Scientists and Mathematicians Online
Many web sites post expert articles. Some even answer submitted questions. Here's a sample of what's out there.
The Math Forum at Drexel University enjoys an excellent reputation. Not only are their lessons sound but the site was designed for online access so it is interesting and easy to use. Dr. Math provides clear explanations; students can search the archives or email a new math conundrum.
The Mad Scientist Network at Washington University in St.Louis is maintained by graduate and medical students. Questions from more than 20 different fields can be submitted to 200 scientists or so. Links and archives of past questions are available, too. The site managers have a good sense of humor.
Bill Beaty has a wide ranging collection of science projects and observations, everything from "safe" high voltage generators to highway traffic "waves" (how car traffic behaves like a fluid) to Science Fair ideas.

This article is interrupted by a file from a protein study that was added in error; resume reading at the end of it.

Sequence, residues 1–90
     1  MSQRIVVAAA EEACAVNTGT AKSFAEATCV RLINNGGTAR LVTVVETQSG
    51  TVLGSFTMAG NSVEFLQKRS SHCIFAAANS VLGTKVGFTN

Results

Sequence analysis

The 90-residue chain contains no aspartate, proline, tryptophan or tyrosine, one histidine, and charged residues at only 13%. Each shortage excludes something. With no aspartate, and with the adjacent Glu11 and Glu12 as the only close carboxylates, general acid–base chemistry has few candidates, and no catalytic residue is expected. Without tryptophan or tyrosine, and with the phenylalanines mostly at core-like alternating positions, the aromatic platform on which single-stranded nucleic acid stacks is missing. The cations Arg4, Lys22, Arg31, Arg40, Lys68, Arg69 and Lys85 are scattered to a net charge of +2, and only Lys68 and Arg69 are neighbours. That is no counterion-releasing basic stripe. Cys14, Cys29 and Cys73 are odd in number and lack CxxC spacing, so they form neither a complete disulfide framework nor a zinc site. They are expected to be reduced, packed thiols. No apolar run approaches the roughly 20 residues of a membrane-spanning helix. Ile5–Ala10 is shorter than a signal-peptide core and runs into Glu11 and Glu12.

RefDesk lists experts in science from A-Z--birds, bugs, chemistry what-have-you. At times it appears that an expert site was identified and a question devised rather than vice verse. You can meet several Dr.Sciences. This collection is still a more manageable approach than using most search engines.
Ask Dr. Universe will answer questions like "Why don't spiders stick to their own webs?" and "Do frogs sleep?"
Ask a Biologist looks at all things biological, from Parts of the Cell and The Nervous System to How Animals See Color and Viral Attack.
Abdul Wahab Malik, from Pakistan, has assembled a very accessible web site for a wide range of science topics. He encourages people to use his Contact Us link to ask questions or get ideas.
Access to experts is handy as specific topics and queries arise serendipitously. It is best to seek an expert primarily for unusual questions to conserve this resource for special occasions.
AAAS provides a wide range of resources, from STEM volunteers to hundreds of standards based lesson plans to films and publications.